medschool

Best Approaches to Radiology Personal Statement Writing

A radiology personal statement has a unique approach. There are some people who believe that a personal statement is not necessary in a radiology application. I don’t believe that it could hurt an application. If you are at that space where you want to write a killer personal statement, it is completely possible. With any big task that you take on, you need to plan properly. A personal statement is a reflection of who you are and what you have achieved. There are some approaches you can take to make the process streamlined and break the task up into smaller sections. It is important to cover all of the needed areas in your radiology personal statement, but also go a little further. When you break a large task up into smaller tasks, you can focus on one section at a time. We are going to break it up in this article to give you a better understanding of how exactly to approach each section. Radiology Personal Statement, Section 1 It is a rule in writing that your opening line has to be the winning line. This is where you are going to hook the readers. With a personal statement, you need to take the same approach. Leave the radiology jokes for another day. The way you begin your article is going to determine your success. Always keep in mind...

Step-By-Step Method to Study for Rotations in Medical School

Are you a clinical student and still not sure how to study for rotations in medical school? Are you coming home most evenings too tired to study? Do you lack the motivation to do more UWORLD questions? How should a student study for rotations in medical school anyway? In this post, I break down the steps to help you study for rotations in medical school. These are the strategies I’ve used to achieve honors on my rotations.  At the end, I also break down step by step how I use my study resources and text to study for the shelf exams using my notebook method.  If you prefer this post in a video form, check out the YouTube video and also check out the channel! Pick Your Study Resources Of Choice: Every rotation will have their recommended selection of resources. I’ve written detail posts about each rotation I’ve completed thus far. Click a particular rotation below to receive specific advice and resources. Internal Medicine Pediatrics Family Medicine Surgery Neurology Ob/Gyn Medical students become stressed by having too many choices. Often, especially early in their clinical years, students will try to use a little bit of everything. I was one of them. But trust those who have done it before you (such as myself) and stuck to no more than 2-3 resources. Often this will include one question bank (almost always UWORLD), a...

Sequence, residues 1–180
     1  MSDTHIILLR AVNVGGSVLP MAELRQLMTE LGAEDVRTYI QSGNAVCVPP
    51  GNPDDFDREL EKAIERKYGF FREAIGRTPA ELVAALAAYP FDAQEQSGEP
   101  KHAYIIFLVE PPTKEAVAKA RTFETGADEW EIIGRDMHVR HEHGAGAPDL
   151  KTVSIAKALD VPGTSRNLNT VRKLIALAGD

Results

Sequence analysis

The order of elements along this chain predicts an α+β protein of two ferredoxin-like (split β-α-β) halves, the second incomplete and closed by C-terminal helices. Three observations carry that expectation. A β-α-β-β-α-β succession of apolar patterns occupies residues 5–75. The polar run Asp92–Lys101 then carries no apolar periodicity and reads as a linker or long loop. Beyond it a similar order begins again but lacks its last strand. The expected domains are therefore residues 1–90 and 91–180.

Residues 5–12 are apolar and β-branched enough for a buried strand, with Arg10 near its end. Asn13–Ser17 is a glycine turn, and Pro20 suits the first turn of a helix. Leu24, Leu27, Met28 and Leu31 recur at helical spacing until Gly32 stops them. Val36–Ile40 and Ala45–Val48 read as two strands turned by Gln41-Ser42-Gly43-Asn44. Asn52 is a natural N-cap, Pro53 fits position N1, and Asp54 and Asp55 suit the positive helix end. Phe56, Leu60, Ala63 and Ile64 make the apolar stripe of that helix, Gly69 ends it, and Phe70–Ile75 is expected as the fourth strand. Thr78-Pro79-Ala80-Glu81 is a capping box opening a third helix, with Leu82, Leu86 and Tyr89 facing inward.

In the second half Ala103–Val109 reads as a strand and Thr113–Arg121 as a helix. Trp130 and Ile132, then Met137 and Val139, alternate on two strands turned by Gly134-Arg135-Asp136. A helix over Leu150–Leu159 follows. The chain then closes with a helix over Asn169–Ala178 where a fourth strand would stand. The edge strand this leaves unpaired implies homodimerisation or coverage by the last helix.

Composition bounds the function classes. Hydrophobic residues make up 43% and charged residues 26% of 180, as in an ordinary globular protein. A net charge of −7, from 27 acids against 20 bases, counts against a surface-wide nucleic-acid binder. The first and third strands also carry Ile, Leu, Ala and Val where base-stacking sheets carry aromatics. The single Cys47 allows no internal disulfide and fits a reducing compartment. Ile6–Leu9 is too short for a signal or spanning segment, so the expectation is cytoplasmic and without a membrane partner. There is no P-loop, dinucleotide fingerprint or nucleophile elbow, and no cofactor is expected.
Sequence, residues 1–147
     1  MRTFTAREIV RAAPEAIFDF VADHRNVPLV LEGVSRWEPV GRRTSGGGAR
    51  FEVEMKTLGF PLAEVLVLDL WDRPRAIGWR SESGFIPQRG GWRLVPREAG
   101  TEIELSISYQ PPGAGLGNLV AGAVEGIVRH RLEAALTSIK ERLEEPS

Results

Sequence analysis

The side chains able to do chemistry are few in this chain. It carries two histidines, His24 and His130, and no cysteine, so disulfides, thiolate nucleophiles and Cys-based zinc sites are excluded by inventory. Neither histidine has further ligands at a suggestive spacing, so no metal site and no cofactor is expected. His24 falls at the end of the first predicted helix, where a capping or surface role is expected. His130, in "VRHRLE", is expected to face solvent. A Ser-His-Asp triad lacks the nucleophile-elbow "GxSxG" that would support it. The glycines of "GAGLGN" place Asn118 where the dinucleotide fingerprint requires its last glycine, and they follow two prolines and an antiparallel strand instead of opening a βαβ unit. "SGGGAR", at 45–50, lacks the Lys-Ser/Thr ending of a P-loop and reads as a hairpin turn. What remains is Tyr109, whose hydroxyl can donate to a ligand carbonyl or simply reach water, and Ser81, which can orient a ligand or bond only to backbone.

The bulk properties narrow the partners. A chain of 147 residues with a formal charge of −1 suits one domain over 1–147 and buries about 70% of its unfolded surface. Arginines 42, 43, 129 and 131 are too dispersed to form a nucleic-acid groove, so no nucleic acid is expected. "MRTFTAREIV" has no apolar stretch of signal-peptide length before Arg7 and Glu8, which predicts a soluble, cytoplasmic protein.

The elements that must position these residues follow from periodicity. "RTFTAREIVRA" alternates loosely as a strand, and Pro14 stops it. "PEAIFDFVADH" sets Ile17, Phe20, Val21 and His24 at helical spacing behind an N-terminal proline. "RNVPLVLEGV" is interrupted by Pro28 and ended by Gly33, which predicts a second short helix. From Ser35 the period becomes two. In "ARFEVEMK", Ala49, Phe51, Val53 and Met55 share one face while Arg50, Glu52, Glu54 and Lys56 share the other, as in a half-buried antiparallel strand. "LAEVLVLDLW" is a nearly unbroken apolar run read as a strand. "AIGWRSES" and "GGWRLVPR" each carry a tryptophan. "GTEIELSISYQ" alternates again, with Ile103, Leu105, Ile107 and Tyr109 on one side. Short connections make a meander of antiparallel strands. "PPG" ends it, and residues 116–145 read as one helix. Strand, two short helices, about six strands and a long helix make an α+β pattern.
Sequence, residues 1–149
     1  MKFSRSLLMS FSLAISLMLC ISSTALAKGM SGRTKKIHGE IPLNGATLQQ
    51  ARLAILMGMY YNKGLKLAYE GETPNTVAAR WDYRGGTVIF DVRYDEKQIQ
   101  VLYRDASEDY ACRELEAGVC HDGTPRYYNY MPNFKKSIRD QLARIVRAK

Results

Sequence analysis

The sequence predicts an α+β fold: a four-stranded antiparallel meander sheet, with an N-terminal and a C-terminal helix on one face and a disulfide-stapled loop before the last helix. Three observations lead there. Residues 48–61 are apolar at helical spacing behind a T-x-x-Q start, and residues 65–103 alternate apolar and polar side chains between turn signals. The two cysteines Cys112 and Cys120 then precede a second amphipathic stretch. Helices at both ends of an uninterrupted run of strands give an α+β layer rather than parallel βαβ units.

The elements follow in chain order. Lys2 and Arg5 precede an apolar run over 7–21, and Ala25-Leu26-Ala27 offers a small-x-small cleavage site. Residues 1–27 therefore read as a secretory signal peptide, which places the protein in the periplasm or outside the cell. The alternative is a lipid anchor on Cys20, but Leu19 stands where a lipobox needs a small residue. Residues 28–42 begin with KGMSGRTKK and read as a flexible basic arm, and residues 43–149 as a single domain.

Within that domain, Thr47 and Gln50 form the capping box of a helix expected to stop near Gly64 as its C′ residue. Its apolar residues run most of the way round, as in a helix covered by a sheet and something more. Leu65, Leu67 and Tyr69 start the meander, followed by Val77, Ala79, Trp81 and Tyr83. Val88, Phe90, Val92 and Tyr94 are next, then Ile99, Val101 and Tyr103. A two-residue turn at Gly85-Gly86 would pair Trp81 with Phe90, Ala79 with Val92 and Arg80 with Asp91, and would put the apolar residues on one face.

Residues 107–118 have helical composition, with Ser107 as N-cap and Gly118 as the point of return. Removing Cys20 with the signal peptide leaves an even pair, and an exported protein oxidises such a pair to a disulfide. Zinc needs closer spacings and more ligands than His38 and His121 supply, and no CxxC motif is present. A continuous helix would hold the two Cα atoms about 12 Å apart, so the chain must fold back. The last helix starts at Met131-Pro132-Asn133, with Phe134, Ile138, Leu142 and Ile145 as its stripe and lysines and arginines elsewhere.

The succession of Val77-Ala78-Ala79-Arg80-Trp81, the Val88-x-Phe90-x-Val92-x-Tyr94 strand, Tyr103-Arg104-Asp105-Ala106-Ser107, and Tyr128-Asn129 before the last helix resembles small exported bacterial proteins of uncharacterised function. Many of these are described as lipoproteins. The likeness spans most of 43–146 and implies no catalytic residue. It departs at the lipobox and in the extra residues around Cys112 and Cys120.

The Numbers Game: What Scoring a 260 on USMLE Step 1 Really Means

I have been putting off the writing of this post for a while. I’m not sure why. I guess I wasn’t sure how to say anything genuine that would convince you guys that you shouldn’t be hard on yourself for falling short of the lofty goals that you set for yourself before beginning the arduous process of studying for the USMLE Step 1. Perhaps it’s because I was in your shoes once, and no amount of reason could penetrate my longing for that perfect score, the one that I believed would either complete my application to dermatology residency (and therefore complete me), or dash my chances at my dream job against the harsh rocky shores of reality. I’m currently on the residency interview trail, and I am gratefully tired from having not been home to New York for five weeks. At a chicken and waffles brunch in Dallas, Texas, yesterday (NOMS!), I was reunited with one of my best friends from medical school. He and I spoke more frequently during the USMLE Step 1 period than I spoke with anyone else. I remember visiting his room periodically to mutually vent about the ridiculous nature of the beast that left us sitting in chairs inside small, quiet rooms for 12 hours a day. He would complain about the hours and remark with surprised candor about how poorly he was performing on his USMLE...

How to Distinguish Yourself the Residency Letter of Intent

A residency letter of intent can be a challenge, but not impossible. If you attack this mountain of a task in an organized manner, you can get it done. You want to avoid writing a letter of intent that comes across as generic. There needs to be some feel to it and allow the reader of the letter to get to know you. Don’t believe that your achievements are borderline and sell yourself short. Everything that you have achieved came with hard work and this is just another step towards your end goal. Take time to write your residency letter of intent because it is a valuable piece. This letter can determine the outcome of your acceptance. A lot of people wait until they basically run out of time and then just rush through it. This is when you write a generic version. If you want to stand out amongst the masses, apply these tips. Brainstorm before you start No one ever said that brainstorming is a waste of time and you should apply it to your letter of intent. Really take some time to think about what distinguishes you from those who are applying as well. Write down your strengths and weaknesses. Now establish which of these you are going to include in your letter of intent. The time spent on this brainstorming session won’t be wasted. Instead,...